Could a New Cancer Drug Help Treatments?

A new study suggests that the drug, known as BMN 673, which has been created to help patients with faults in their BRCA genes is showing substantial improvements in its development. In a trial based on 70 patients, researchers found signs of excellent anti-tumour activity, whilst also establishing that the drug was suitable for further testing under different circumstances to see how effective it is. 23 of 28 ovarian cancer patients and 12 of the 18 breast cancer patients’ conditions improved following the treatment, in studies carried out by the American Society of Clinical Oncology in Chicago. In 11 of the ovarian and 7 of the breast cancer patients, researchers noticed that there were noticeable lesions and cracks on the side of the tumours – these side effects show that the treatment was working, which is a positive sign for the development of the drug.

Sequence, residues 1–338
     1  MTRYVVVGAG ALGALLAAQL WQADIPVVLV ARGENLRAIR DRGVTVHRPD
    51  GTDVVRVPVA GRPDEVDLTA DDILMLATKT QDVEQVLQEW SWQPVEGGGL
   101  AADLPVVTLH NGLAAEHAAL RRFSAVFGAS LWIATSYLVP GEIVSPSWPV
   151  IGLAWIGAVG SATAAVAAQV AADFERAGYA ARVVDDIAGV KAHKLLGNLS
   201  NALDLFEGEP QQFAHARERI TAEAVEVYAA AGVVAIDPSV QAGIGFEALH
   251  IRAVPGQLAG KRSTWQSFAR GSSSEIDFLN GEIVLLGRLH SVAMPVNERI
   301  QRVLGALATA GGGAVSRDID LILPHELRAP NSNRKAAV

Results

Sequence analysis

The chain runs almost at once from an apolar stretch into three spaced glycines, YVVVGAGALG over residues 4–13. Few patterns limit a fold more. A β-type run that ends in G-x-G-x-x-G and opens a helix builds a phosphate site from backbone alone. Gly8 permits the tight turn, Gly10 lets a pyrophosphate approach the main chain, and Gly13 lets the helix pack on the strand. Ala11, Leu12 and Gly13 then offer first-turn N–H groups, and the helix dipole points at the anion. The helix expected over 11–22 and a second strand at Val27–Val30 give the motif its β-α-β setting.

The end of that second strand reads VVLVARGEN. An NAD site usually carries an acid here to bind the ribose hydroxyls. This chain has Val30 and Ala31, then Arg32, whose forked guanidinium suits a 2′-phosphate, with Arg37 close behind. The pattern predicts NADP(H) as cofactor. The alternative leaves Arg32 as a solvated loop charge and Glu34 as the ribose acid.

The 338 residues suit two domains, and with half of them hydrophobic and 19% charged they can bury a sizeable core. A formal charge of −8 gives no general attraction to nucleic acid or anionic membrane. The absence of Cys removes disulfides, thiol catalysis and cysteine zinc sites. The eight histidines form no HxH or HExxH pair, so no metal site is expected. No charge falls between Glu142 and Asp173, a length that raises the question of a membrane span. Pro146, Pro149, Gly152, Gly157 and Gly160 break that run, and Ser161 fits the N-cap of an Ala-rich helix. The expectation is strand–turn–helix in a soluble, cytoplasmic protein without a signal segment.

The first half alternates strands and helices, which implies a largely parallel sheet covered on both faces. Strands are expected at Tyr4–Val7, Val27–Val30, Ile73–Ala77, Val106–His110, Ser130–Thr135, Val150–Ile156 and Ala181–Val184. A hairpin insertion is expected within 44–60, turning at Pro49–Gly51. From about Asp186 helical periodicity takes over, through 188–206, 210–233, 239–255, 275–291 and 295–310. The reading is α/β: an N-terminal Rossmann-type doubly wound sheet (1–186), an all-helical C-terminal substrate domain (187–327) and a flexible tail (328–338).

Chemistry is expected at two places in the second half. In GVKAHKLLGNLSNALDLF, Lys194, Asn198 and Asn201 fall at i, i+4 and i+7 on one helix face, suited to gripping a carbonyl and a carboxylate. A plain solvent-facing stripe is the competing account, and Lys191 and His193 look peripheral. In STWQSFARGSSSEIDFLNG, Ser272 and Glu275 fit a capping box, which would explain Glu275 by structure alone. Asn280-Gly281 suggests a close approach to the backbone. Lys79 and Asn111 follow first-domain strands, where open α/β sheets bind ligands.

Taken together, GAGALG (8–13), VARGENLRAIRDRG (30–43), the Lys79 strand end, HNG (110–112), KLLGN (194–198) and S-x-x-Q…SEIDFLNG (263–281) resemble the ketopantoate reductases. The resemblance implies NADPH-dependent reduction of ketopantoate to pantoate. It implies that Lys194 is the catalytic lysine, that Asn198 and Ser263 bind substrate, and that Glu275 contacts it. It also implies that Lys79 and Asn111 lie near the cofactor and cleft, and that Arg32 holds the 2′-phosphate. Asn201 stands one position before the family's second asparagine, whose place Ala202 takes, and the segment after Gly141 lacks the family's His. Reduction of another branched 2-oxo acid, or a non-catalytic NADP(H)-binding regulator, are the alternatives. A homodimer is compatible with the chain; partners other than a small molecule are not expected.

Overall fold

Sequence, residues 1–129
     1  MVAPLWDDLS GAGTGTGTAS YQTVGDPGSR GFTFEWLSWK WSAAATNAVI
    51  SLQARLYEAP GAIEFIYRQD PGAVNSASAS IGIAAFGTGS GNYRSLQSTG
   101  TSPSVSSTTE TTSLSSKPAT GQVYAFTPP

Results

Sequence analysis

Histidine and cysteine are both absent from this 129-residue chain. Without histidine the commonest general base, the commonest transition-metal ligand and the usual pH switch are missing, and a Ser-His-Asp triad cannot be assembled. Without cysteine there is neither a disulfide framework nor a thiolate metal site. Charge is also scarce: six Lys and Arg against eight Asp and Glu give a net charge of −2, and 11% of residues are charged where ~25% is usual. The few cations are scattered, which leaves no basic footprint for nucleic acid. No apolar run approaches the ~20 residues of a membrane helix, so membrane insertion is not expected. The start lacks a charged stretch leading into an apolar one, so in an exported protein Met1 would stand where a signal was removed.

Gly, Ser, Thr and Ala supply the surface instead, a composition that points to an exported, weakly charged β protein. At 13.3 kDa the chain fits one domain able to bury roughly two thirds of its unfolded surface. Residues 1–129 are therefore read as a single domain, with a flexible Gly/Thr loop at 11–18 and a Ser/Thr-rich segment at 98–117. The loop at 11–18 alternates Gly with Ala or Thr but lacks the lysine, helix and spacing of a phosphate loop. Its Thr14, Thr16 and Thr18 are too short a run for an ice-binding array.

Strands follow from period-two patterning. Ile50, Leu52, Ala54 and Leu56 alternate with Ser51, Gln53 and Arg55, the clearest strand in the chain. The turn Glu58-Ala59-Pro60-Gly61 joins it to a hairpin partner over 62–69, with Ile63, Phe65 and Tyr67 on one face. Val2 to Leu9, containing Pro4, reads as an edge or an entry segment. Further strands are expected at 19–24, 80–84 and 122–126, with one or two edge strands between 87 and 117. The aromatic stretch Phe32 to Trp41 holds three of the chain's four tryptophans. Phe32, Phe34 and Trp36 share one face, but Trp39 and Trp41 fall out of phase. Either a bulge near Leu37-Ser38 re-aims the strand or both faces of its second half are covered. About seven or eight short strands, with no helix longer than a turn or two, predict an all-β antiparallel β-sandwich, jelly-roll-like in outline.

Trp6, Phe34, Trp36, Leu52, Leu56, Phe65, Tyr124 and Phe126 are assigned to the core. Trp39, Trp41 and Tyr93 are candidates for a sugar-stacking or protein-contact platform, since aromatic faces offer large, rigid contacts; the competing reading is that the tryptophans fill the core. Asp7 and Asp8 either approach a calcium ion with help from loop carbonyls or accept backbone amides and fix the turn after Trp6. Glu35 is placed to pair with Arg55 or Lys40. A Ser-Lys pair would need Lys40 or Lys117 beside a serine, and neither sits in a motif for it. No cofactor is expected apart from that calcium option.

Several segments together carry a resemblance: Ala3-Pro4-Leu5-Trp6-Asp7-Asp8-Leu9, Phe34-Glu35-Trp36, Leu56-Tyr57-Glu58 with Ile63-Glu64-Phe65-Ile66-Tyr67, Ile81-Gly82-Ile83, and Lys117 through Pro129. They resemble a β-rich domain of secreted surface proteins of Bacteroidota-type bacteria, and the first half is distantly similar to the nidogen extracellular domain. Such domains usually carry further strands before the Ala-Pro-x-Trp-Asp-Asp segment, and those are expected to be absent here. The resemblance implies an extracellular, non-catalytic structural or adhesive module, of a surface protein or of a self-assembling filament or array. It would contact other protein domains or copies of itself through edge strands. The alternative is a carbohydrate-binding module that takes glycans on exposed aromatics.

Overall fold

Previous studies have shown that mutations in the BRCA genes are rare overall, only affecting one in every 800 to 1,000. However, they increase the risk of certain cancers developing, including breast and ovarian. Healthy BRCA genes generally suppress these cancer cells from growing, but mutations can stop this from happening naturally. Cancer Research UK believes that women who carry the faulty BRCA genes have between a 45 and 90 percent chance of developing breast cancer in their lifetime – Angelina Jolie has recently brought this subject to the fore, having chosen to undergo a double mastectomy after doctors advised that she had an 87 percent risk of developing breast cancer, and a 50 percent chance of ovarian cancer. Researchers hope that the drug’s effectiveness in the trial could offer hope for patients. Patients with germ line BRCA-associated tumours currently have no treatment options, and these need to be developed quickly.

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